What is the hammer? We could say that the hammer is a cut and sanded piece of wood attached to a piece of metal with one end pressed flat and the other end shaped into a claw. Someone who made these observations, but knew nothing about the use of a hammer, could hardly be said to know what the hammer is. Knowing what a hammer is requires some knowledge of its cultural utility.

Now, suppose a strange, and very specific, virus suddenly infected the whole of the human race. This virus infected the brain and destroyed those cells, and only those cells, that contain the memory of the word “hammer” and the normal uses of hammers. Tomorrow, everyone goes to his tool box looking for a screwdriver and finds these strange objects with wooden handles and flat-and-claw-sided metal heads. If no one knew the use or name of hammers, would it still be a hammer – or would it be a curious artefact suitable for a museum display?

Then someone, having found this strange implement in his toolbox, decided that it would be suitable for knitting, and was able to knit industrial sized blankets from leather strips using the hammer. He starts calling it a “knitting club,” and soon everyone else is using the objects-formerly-known-as-hammers for knitting and calling them “knitting clubs.”

Has the thing changed? In one sense, of course not: It’s got the same chemical and physical makeup, the same shape and size and all.

But in another sense, it has changed: It’s no longer a hammer. It’s a knitting club. One might object that everyone is simply misusing and mislabeling hammers. But it became a knitting club in the same way it became a hammer in the first place – by someone finding a use and affixing a label. Unless one is willing to say it was never really a hammer, then it seems we have to concede it’s something else now.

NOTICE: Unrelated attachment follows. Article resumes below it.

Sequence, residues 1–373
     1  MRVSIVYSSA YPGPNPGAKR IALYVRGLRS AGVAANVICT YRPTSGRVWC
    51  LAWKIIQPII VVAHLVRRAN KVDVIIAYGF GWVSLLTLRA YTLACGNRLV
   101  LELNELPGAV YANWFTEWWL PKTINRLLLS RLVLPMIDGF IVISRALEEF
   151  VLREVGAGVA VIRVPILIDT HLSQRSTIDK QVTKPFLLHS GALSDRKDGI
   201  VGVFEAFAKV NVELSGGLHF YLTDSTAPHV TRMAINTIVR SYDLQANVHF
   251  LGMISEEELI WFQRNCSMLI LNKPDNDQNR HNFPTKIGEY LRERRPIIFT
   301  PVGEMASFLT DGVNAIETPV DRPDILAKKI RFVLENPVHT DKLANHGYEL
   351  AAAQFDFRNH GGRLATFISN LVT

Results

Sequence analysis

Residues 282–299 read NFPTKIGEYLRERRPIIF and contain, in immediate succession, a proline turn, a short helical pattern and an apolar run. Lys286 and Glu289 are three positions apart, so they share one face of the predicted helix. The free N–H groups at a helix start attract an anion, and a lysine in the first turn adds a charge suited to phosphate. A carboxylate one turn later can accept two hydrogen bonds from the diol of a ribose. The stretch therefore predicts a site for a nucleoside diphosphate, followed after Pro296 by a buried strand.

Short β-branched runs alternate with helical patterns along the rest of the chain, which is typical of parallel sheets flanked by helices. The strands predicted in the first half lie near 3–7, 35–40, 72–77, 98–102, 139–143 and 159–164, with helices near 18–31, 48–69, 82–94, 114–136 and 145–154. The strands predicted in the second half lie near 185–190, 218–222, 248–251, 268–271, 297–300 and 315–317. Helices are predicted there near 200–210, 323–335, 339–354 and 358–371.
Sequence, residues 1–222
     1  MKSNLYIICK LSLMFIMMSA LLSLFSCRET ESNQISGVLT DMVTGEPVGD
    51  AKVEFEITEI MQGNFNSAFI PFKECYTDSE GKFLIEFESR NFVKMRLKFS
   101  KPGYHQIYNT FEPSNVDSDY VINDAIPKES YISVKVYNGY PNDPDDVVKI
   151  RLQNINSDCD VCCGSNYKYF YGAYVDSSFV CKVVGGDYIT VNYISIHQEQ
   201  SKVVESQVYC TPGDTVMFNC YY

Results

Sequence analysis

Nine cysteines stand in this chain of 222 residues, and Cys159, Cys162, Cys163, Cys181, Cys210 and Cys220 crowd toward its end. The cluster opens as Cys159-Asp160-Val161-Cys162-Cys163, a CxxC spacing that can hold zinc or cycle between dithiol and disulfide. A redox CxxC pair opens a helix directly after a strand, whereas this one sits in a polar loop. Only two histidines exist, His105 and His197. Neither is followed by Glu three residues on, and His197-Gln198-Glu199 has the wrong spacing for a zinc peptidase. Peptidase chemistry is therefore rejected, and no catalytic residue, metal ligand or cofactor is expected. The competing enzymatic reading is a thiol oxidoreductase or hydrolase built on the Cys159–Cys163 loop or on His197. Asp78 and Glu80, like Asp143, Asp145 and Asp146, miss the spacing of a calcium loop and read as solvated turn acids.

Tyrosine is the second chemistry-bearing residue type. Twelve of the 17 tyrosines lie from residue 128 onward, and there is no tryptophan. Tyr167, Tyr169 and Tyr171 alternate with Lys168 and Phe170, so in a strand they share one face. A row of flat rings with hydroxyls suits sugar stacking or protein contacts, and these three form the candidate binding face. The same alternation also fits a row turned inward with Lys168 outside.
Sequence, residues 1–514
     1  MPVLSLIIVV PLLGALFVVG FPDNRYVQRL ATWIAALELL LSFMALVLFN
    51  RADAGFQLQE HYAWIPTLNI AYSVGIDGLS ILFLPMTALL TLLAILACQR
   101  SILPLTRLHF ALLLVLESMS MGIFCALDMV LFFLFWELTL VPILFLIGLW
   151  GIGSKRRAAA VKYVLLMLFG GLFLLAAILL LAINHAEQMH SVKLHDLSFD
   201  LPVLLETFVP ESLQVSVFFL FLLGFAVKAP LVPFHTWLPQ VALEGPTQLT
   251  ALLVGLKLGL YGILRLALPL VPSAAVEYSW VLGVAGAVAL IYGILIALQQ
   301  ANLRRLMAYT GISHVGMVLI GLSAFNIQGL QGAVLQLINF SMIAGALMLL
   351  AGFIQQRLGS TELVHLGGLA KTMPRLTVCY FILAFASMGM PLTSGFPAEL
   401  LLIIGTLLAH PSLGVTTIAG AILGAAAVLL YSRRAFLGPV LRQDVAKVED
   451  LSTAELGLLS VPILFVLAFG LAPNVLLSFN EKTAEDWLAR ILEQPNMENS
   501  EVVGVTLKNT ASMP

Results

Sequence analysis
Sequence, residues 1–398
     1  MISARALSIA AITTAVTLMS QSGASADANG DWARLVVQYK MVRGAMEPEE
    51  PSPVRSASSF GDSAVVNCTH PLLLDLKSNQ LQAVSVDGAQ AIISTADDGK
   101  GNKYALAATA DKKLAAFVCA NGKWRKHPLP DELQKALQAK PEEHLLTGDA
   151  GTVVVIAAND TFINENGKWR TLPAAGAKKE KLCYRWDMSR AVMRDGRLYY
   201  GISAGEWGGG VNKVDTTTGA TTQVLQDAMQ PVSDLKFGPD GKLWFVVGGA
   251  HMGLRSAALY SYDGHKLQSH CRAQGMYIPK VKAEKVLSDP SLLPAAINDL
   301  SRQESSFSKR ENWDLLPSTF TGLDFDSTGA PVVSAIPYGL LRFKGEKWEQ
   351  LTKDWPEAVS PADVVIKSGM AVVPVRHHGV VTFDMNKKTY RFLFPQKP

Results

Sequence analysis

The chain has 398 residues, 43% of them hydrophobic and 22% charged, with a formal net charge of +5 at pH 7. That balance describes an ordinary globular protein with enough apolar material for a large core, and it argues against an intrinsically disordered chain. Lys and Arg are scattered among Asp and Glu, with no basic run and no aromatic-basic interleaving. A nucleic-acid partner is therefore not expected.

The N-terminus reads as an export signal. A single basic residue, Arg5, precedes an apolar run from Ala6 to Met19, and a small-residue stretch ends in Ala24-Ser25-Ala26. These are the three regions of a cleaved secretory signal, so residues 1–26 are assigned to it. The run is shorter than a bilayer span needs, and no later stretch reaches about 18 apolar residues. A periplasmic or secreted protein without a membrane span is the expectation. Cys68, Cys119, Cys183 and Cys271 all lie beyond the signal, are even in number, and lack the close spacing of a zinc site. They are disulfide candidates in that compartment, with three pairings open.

Now, the main source of my dissatisfaction with Gay’s argument: It seems that the main grounds for denying that language is, in at least the sense described, constitutive of reality, is on the basis of a strong subject-object separation. That is, the hammer out there is and remains what it is regardless of what I call it or how I use it; its reality is entirely a matter of his observable features, its scientifically and mathematically describable characteristics. Human naming and use have no role whatever in making the hammer a hammer.

Here I am over here, separated from the hammer, and no matter what I call it or how I use it, the hammer remains objectively what it is. This seems to me to perpetuate the Cartesian, and scientific, separation of subject and object that Gay elsewhere very insightfully attacks.

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  • Dan Glover

    Hi Peter, Perhaps Gay’s contention is not so much about humanity’s labeling of the tools/contrivances/machines that it creates for its own use out of nature and which may take on differing uses as we rename them (or we rename them as they become used for different things), but rather humanity’s renaming of nature itself; of that which it finds as it is. For example, where humanity once saw a forest of oak, maple and pine tress it now sees potential lumber, where it once saw a mountain it now sees a large coal deposit, where it once saw a swift and broad river it now sees a potential dam site/energy source, where it once saw a magnificent view it now sees a back-drop for a selfie. Also, if you apply Gay’s argument-of renaming nature as having a reconstitutive effect-to the area of human sexuality (where once there were man and woman or male and female, there are now many different ‘genders’ based upon human will/renaming), would that change your reading of Gay’s argument?